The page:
Thursday, December 2, 2010

School of the Americas Watch

Hi, All:

For those of you interested in my Human Rights activities, I spent this past weekend at Columbus, Georgia, attending the School of the Americas Annual Protest, both as a witness and observer, and also as a lawyer for the demonstrators.

This is the 21st Annual demonstration. As in the past, many people of faith and conscience gathered at the gates of Ft. Benning to call for the end to the notorious School of the Americas (SOA), now known as the Western Hemisphere Institute for Security Cooperation (WHINSEC). This year there were fewer demonstrators, probably between 4-5,000 people in all. Four people were arrested for illegal entry onto Ft. Benning property to protest the continued existence of SOA/WHINSEC. They have been arraigned and will expect trial during the next 45 - 90 days, with a likely sentence of up to six months in jail and up to a $5,000 fine. The protesters knew in advance of the possible penalties and voluntarily undertook their civil disobedience as an act of faith and conscience.

The more interesting events took place outside the formal demonstration area. Last year the "Puppetistas" (people who hold parts of huge puppets) marched outside the permitted zone, then returned with no incident. This year, when they marched out, they were arrested on a charge of parading without a permit. Also, the people who went out with the puppetistas were themselves arrested if they stopped to watch what was going on. The charges were unlawful assembly and failure to disperse. Many innocent people were swept up in the actions. When they got to jail, they were informed that bail was set at between $4,200 and $5,200 for each arrestee. Needles to say, many of the 24 people taken to jail did not have the money to pay the bond, so they stayed in jail until the hearings on Sunday afternoon.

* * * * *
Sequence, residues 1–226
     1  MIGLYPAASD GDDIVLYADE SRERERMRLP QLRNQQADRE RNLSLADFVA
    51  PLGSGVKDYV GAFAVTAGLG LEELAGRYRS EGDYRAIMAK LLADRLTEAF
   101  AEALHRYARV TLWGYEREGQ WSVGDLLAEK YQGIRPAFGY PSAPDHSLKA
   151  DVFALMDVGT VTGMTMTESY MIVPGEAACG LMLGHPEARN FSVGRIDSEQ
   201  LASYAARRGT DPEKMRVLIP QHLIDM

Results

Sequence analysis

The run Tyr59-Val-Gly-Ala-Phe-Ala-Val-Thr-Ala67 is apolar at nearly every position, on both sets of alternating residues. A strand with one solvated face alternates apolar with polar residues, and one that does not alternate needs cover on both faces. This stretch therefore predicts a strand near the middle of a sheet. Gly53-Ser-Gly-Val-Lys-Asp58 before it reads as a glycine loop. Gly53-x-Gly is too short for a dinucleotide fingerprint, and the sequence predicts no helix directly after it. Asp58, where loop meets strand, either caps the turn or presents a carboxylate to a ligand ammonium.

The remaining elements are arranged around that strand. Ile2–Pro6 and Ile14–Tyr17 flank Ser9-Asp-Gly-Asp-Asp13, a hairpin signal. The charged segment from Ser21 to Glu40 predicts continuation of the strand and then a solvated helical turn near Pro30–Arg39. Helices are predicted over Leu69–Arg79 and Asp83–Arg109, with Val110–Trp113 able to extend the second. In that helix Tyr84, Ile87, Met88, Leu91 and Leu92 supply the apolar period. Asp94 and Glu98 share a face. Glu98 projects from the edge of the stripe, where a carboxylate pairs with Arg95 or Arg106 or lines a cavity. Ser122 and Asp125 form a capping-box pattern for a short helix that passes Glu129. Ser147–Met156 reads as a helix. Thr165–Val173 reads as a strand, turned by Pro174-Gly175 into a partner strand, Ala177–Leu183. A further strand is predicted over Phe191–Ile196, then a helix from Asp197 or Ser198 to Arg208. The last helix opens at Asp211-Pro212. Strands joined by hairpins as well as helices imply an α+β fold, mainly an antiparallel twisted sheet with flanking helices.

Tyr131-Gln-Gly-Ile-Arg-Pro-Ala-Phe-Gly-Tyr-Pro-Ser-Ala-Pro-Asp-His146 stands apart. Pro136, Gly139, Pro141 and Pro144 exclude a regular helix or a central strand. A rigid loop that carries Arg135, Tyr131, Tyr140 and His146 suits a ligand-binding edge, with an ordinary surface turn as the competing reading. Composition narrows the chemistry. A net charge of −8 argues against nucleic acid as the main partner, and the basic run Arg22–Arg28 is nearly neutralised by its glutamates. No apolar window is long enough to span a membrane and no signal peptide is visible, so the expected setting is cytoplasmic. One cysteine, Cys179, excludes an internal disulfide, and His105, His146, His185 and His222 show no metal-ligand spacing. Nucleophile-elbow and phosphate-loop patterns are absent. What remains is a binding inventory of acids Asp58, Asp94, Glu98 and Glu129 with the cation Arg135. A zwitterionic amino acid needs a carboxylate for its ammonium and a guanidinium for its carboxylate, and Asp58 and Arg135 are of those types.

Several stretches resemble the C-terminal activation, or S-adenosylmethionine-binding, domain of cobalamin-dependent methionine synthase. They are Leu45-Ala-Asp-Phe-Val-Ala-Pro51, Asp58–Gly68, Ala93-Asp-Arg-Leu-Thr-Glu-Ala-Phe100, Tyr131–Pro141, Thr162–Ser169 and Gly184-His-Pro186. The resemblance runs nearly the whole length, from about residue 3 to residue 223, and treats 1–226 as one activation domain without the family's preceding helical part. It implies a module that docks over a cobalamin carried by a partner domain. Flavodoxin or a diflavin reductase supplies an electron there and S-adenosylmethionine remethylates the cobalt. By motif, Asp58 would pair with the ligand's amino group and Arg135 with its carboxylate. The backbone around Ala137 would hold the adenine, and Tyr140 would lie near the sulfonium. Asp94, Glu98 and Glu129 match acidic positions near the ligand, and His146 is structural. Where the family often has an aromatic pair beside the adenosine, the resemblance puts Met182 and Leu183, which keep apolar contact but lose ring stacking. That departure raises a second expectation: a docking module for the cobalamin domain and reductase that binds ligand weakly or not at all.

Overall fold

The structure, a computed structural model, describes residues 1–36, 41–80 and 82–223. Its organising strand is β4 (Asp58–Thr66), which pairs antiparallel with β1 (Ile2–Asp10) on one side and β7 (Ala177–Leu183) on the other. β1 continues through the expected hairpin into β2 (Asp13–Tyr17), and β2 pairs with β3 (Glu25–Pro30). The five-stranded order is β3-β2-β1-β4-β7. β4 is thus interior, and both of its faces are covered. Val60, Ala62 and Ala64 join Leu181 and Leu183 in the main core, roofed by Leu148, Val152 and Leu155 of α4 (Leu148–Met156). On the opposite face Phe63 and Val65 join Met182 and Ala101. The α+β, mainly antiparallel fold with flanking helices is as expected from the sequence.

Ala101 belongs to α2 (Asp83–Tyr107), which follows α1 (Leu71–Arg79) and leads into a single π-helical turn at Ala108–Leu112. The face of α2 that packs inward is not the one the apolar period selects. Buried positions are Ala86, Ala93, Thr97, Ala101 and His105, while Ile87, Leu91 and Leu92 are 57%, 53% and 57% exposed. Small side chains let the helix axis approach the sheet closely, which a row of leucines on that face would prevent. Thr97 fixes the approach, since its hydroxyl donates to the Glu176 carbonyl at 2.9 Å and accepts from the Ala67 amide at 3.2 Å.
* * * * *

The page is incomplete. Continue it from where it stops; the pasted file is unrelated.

Those arrested included three or more journalists, including two from a Russian news service. When they got out, they had a lot to tell the Russians about freedom of the press and speech and assembly in the United States, from the perspective of one arrested for trying to exercise those rights. The article and YouTube postings are:

Another interesting development took place among those who decided to walk out into the street with their banners, disrupting traffic in acts of civil disobedience. There were 12 people who went into the street and were arrested. But there were only seven when they got to the jail. In fact, one of the undercover police officers actually testified at the trials on Sunday.

On Sunday afternoon, the arrested people appeared in Recorder's Court before Judge Michael Cielinski, who proceeded to hear the evidence and find everyone guilty. He even found guilty a local barber, who had done nothing more than step out of his shop to take a picture of some puppetistas on stilts. In fairness, we had been warned that this judge would find everyone guilty. During the proceedings we had negotiated penalties with the local police chief (yeah, I know it's strange that there was no public prosecutor, and the Judge and the police chief pretty much ran everything). We had negotiated fines of $100 -$500, and all the State charges were to be sent to State Court upon $1,000 bonds. Then the judge found everyone guilty and assessed fines and bonds as previously agreed. The fines and bonds were significantly lower than the bail amounts previously assessed.

I want to take note of something especially heartwarming and moving. During the time the people were in jail, others stepped forward and gave money to help bail the people out or pay their fines. Additionally, some of the people offered to put fines and bail on their own personal credit cards. As a result of the generosity of these people and others, SOA Watch raised more than $19,000, which was sufficient to pay the fines, bond out the people and pay appeal bonds for those contesting their City convictions. Everyone (except one Federal defendant, who chose to stay in jail) is now free.

We do not really know what will happen next. Everything is in flux, but we may expect to eventually go to trial on the Federal trespass charges, and possibly to trial on the State and City charges as well. At this writing I expect to take many more trips to Columbus before it is all over.

In closing, I ask for your thoughts and prayers for these people who were caught up, many involuntarily, in the system and have learned first-hand the price of exercising the freedoms that all of us possess.

Frank Schneider